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December 18, 2015

Sudden surprise

Editorial

 
December 18, 2015

‘Surprised’ is probably the last word that one would want to hear from the Foreign Office after the announcement on Tuesday that Pakistan would be part of a 34-country ‘anti-terrorism’ alliance led by Saudi Arabia. It seems Saudi Arabia was given the go ahead from someone in the Pakistani establishment without the FO being intimated. This is the second time in recent history that Saudi Arabia has included Pakistan in its Middle Eastern war efforts. Earlier this year, Pakistan had been included in the Yemen war coalition, only for the government to declare that we would stay out of the conflict. Back then, Pakistan chose the wise option of diplomatically steering away from getting involved in Middle Eastern conflicts despite the wishes of its long-term ally Saudi Arabia. The official line now seems to have changed, but the FO is still clueless on what its inclusion in the alliance would entail. The Saudi-led alliance includes Egypt, Turkey, Qatar, UAE and a number of other Muslim-majority countries, but the exclusion of Iraq, Syria and Iran casts doubt over whether the group will have any impact beyond making headlines. Some countries have claimed that they were invited to join a coordination centre but it was later announced as a military alliance. Saudi officials have said that the alliance is keeping the possibility of deploying troops on the ground open, something that no Western country has yet indicated readiness for.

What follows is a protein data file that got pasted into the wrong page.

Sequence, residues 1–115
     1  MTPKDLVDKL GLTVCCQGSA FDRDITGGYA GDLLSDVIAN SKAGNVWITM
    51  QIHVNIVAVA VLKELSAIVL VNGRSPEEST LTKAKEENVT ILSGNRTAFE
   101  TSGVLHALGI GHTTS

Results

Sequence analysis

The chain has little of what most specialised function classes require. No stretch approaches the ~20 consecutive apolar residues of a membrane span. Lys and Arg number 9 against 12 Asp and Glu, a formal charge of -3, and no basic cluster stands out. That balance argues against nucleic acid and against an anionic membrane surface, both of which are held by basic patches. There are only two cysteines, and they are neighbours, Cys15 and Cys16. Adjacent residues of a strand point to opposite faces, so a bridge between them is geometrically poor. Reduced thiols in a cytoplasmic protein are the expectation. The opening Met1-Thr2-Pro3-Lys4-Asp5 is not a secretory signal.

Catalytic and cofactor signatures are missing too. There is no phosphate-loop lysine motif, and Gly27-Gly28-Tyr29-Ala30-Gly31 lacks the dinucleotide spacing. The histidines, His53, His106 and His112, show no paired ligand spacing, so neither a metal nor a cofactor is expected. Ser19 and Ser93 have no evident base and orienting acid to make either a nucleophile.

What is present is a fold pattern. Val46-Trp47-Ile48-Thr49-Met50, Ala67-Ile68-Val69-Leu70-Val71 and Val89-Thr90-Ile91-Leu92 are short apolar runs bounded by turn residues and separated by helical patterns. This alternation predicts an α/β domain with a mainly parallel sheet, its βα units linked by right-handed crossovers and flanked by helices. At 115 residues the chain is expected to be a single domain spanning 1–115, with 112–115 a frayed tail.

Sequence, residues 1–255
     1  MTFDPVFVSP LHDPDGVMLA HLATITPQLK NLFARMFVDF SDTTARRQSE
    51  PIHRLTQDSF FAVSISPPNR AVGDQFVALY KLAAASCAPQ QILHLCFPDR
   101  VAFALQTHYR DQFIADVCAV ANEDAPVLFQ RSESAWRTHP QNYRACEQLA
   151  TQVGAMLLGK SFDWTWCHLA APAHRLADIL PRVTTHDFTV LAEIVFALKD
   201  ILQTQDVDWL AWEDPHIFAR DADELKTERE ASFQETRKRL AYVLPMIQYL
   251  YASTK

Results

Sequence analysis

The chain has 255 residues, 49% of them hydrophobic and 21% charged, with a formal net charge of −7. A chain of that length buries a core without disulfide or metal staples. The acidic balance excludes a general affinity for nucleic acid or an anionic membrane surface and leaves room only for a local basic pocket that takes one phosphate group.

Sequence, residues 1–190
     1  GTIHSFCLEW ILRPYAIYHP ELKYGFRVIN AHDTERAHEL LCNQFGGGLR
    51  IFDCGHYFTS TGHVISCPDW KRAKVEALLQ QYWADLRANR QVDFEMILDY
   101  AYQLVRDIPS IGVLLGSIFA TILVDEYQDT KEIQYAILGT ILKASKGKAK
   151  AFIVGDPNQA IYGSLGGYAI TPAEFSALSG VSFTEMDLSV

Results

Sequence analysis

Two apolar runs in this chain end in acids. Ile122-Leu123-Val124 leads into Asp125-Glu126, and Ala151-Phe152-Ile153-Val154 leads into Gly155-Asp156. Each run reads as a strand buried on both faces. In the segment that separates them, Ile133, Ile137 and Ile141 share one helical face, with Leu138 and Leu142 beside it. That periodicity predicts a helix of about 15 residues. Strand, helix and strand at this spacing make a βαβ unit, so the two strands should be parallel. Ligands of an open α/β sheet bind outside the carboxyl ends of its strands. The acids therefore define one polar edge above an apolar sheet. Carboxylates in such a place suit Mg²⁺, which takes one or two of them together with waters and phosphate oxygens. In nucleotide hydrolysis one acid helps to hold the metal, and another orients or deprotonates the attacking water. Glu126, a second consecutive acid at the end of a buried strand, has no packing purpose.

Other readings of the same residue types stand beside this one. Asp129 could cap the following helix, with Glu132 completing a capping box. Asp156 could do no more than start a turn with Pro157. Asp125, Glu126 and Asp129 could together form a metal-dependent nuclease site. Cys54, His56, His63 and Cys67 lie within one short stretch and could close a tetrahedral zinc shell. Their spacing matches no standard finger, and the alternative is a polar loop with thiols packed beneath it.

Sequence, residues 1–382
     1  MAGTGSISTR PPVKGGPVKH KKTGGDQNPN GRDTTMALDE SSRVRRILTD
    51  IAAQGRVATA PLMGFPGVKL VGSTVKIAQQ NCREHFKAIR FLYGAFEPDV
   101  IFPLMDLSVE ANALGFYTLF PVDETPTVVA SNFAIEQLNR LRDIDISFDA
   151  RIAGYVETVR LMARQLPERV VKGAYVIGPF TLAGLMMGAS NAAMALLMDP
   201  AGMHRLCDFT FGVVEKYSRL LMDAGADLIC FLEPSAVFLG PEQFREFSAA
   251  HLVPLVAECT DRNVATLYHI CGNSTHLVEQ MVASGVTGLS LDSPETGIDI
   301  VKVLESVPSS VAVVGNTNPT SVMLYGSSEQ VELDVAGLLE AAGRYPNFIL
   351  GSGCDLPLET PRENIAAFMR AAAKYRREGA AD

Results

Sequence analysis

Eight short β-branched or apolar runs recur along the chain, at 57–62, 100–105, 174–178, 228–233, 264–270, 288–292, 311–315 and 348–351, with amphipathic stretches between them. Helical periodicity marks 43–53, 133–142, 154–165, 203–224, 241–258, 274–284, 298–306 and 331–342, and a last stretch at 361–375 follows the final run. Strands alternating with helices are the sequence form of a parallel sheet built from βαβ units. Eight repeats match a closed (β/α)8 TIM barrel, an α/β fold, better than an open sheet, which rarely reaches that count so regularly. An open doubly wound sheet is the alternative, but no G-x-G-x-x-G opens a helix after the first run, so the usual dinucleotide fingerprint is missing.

While Saudi Arabia has insisted that the alliance is an indicator of the need for the Islamic world to take a stand against terrorism, it has not restricted the scope of any actions taken by the countries to combating Isis. Officially, ‘any terrorist organisation’ operating in member countries will be targeted. The US has welcomed the development despite leading a separate 64-country international alliance against Isis. If the commitment is true, then it would mean that a number of Sunni Arab countries, which have often been accused of supporting Isis groups logistically and financially, will now take Isis on directly. Saudi Arabia and Turkey have both been victims of recent Isis-linked terrorist attacks. But there need to be questions about what a regional anti-terrorism coalition that excludes Iraq, Syria and Iran means? The former two are the main victims of the Isis insurgency in the Middle East while Iran is a major player in the ongoing conflict. A so-called ‘Muslim alliance’ that includes only Sunni countries is likely to create more controversy in the region. Moreover, the need for an alliance against terrorism in the region separate from the existing US-led alliance is unclear. Given that Saudi Arabia has titled it an ‘Islamic military coalition’, is it wise for the Pakistani government to consent to such a proposal without full knowledge of what this participation would entail? The absence of Shia countries suggests the agenda might include targeting Shia militias in the Middle East, which would open up an unnecessary can of worms. Like the Yemen alliance earlier, participation in the Saudi-led alliance should be put to debate in parliament.

 

 

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